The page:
Albrecht’s own personal Uniflite sportfishers -- all named Whopper Stopper -- were well-known in sportfishing circles, fishing off Avalon and Cabo San Lucas for many years.
Albrecht was instrumental in developing and designing the Tolly 40 -- creating a true sportfishing boat for the Tollycraft line -- and graced one of these 40-footers with the Whopper Stopper name and amenities.
Albrecht’s guidance as a distributor for Australia-build Riviera Yachts helped the company gain a foothold in the U.S. market, and helped design a line that appealed to American boaters and sport anglers.
Albrecht made many significant contributions to the Southern California boating industry in his nearly 50 years in business, before retiring.
His retirement was really the beginning of a new career, friends said.
In the early 1980s, Albrecht purchased land in the Santa Ynez Valley that he would later refer to as his little piece of paradise. Albrecht built what he called “the barn,” a cozy and self-sufficient home with a magnificent view of the valley, and planted grapes and fruit trees on the surrounding acreage.
Albrecht was one of the early introducers of the Sangiovese grape to Santa Barbara County, and he became a successful winemaker. His Eleven Oaks Ranch label is well-known in California wine circles.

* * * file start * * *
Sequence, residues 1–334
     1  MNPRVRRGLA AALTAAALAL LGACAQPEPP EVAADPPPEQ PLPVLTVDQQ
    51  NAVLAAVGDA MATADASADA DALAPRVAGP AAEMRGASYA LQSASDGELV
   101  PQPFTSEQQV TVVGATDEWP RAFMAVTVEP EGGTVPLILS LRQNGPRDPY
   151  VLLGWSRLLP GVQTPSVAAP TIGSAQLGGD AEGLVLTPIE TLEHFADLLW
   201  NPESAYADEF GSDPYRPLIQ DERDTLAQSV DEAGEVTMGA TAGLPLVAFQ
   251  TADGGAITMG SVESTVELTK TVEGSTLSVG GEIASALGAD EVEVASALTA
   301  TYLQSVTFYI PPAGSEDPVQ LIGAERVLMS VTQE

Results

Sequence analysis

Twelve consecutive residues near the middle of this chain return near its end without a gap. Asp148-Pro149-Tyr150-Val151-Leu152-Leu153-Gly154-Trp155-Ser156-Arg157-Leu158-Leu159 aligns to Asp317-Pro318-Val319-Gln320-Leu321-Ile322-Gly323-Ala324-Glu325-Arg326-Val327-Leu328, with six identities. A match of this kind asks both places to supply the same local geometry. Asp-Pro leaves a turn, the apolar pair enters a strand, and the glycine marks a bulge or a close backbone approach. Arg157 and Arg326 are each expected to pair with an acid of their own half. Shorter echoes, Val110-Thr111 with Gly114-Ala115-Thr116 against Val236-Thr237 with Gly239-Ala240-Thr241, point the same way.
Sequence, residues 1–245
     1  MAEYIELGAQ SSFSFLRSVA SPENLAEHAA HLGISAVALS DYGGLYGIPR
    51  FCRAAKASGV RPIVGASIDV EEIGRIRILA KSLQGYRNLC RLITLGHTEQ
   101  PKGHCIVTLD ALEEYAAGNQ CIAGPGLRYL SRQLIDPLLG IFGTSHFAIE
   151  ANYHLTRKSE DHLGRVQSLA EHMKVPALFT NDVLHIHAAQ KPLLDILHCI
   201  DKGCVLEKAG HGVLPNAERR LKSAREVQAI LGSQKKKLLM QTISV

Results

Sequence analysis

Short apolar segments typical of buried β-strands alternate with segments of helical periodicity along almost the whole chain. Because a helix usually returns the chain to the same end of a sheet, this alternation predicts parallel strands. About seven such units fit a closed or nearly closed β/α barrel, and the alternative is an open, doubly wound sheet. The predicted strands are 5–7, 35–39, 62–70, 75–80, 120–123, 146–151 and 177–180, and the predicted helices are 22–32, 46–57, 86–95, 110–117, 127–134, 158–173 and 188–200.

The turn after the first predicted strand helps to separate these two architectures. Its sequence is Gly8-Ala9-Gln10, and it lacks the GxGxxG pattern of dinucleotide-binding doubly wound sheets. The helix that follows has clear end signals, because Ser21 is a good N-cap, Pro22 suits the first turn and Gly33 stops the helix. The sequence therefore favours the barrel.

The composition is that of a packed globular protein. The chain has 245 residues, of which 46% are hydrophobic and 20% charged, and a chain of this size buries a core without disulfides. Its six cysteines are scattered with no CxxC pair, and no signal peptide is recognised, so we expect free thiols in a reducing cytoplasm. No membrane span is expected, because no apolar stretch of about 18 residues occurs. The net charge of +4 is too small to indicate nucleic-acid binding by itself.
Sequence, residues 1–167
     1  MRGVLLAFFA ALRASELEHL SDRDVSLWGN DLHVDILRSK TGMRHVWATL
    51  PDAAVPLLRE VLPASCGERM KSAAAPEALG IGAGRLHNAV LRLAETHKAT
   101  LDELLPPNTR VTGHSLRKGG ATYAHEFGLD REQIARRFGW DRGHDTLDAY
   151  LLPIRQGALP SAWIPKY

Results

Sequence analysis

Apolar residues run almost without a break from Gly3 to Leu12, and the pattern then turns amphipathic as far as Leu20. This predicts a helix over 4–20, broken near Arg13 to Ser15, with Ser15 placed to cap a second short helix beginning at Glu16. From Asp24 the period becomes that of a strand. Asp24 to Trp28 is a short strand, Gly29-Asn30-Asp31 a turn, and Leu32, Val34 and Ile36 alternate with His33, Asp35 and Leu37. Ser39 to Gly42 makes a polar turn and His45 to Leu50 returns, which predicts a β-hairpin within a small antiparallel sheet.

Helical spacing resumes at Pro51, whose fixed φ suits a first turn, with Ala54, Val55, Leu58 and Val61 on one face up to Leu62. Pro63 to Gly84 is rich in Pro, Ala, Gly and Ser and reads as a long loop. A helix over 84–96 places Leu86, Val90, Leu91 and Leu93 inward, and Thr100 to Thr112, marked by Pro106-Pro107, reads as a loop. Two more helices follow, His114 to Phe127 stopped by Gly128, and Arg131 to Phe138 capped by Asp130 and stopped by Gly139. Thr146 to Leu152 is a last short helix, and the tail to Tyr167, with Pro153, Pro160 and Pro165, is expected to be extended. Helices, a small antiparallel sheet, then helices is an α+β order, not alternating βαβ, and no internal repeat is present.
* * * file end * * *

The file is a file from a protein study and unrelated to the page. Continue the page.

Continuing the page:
Over the years, Albrecht graciously shared his wine, his ranch and his many stories of the life he enjoyed, friends recalled. An accomplished fly fisherman, Albrecht bought a cabin in West Yellowstone that he and his wife, Sandy, had rented many years earlier. The couple spent much of the past few summers there, where they shared a love for the peaceful mountain setting.
“Paul always spoke of the great life he had, and all the good people he had met along the way,” recalled his friend and marine industry colleague Peggy Bodenreider, of Sterling Accepance Corp. in Newport Beach.
Albrecht is survived by his wife, Sandy; his stepson, Nathan, and wife Shelly Jorgensen; and his grandson, Mason.